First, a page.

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Large manufacturing plants tend to rely on numerous fibre-optic network cables and Wi-Fi routers to connect equipment, resulting in high costs, long deployment periods and inflexible infrastructure that is difficult to upgrade or expand. As Wi-Fi networks operate in unlicensed spectrum, they can be subject to interference, meaning that automated guided vehicles (AGVs) and other connected equipment can be impacted by unstable signals.
Midea is using the factory-wide 5G network (encompassing 2,500 connected devices) to collect real-time process data, which is analysed by the manufacturing execution system. That analysis is used to continually optimise the entire production process. Controlled in the cloud, 5G-connected robots and AGVs can easily be redeployed and reconfigured, thereby making the production lines more flexible, and helping to streamline the supply, production, distribution, warehousing and shipment processes across the plant. The factory also uses 5G-connected sensors, instruments and cameras to help it manage energy consumption, track environmental factors, improve safety and maintain site security.
At the new factory, a washing machine comes off the production line every 15 seconds, which is three seconds faster than the next fastest factory in the industry, according to Midea. Compared with a traditional washing machine factory in the Midea Group, the production rate has been doubled, the inventory has been reduced by 50%, and the production cost per product has been cut by 30%. Midea says it has achieved quality improvements, while making the factory safer and more sustainable.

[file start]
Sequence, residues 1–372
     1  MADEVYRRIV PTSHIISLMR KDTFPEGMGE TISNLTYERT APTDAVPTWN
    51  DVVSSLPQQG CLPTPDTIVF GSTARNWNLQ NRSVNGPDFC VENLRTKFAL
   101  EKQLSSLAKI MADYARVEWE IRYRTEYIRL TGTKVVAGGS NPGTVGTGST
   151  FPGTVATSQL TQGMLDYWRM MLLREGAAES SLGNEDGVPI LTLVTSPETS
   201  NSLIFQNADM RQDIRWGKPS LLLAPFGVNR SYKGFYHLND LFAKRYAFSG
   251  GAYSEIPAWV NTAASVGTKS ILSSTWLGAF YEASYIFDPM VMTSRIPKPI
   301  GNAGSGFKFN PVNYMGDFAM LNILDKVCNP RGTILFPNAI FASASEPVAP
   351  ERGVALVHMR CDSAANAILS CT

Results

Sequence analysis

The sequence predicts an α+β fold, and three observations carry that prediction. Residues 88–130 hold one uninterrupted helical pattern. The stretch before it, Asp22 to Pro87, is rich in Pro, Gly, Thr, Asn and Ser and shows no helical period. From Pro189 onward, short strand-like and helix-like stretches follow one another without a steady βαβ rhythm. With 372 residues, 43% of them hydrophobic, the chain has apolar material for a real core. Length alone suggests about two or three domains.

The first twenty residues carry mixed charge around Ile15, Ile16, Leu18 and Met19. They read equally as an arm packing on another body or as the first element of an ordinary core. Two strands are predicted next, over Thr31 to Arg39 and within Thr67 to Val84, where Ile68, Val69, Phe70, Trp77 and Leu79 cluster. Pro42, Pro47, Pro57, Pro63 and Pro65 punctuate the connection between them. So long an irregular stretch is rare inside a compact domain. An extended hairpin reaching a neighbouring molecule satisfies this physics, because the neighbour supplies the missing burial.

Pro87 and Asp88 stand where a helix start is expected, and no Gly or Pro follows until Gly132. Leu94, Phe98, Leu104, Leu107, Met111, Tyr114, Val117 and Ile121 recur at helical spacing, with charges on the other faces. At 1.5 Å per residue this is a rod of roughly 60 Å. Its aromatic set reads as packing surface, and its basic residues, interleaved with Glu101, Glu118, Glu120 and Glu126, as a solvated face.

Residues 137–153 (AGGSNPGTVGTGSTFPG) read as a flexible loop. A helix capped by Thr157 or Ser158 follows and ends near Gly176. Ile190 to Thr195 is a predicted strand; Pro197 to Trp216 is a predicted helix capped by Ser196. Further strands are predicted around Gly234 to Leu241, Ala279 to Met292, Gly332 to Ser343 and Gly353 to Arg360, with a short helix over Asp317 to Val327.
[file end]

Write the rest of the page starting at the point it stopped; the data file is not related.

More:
Huawei says China’s government is encouraging the manufacturing sector to deploy thousands of 5G-enabled factories, as part of a programme that will run between 2021 and 2025. The widespread adoption of 5G in the manufacturing sector could bring major social and environmental benefits, by improving the operational efficiency of factories that tend to use substantial amounts of resources and energy.
Midea , China Mobile and Huawei
Comprehensive 5G network lowers labour costs by 30% in new washing machine factory
In Jingzhou, Hubei Province, Midea has opened a new washing machine factory that uses 5G to deliver a fully interconnected manufacturing process. Built by China Mobile and Huawei, the factory-wide 5G network enables end-to-end digitisation, advanced logistics, automated robotics, real-time production line monitoring and quality checks using artificial intelligence.
At the new factory, a washing machine comes off the production line every 15 seconds, which is three seconds faster than the second fastest factory in the industry, according to Midea. Compared with a traditional washing machine factory in the Midea Group, output has been doubled, the inventory has been reduced by 50%, and the production cost per product has been cut by 30%. Midea says it has achieved quality improvements, while making the factory safer and more sustainable.
Midea uses 5G's low latency and multi-access edge computing to collect data on the factory’s processes, which is analysed by the manufacturing execution system. That analysis can be used to make predictions and subsequently optimise the entire manufacturing process. Controlled in the cloud, 5G-connected robots and automated guided vehicles (AGVs) can easily be redeployed and reconfigured, thereby making the production lines more flexible, and helping to streamline the supply, production, distribution, warehousing and shipment processes across the plant. Midea’s new factory also uses 5G-connected sensors, instruments and cameras to help it manage energy consumption, track environmental factors, increase safety and maintain site security.
When it went live in August 2022, Midea’s new factory had 2,500 5G connections and more than 1,000 automated machines (in the production and logistic lines). “Each production phase is seamlessly connected through 5G terminals with faster automated machine operations that streamline the complex workshop pipelines,” says [wang Liang] of Midea. “It is a benchmark not only in Midea Group, but also in the home appliance manufacturing industry.”